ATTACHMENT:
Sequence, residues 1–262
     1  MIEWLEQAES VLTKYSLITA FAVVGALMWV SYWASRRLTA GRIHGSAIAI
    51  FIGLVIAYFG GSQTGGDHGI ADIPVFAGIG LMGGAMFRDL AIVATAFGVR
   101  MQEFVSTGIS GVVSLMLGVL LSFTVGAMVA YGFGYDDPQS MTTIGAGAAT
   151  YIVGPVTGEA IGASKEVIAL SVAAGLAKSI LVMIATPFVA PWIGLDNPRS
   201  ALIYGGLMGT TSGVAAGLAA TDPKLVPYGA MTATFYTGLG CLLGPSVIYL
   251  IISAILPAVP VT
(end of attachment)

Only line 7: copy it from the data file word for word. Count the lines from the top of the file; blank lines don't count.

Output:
   251  IISAILPAVP VT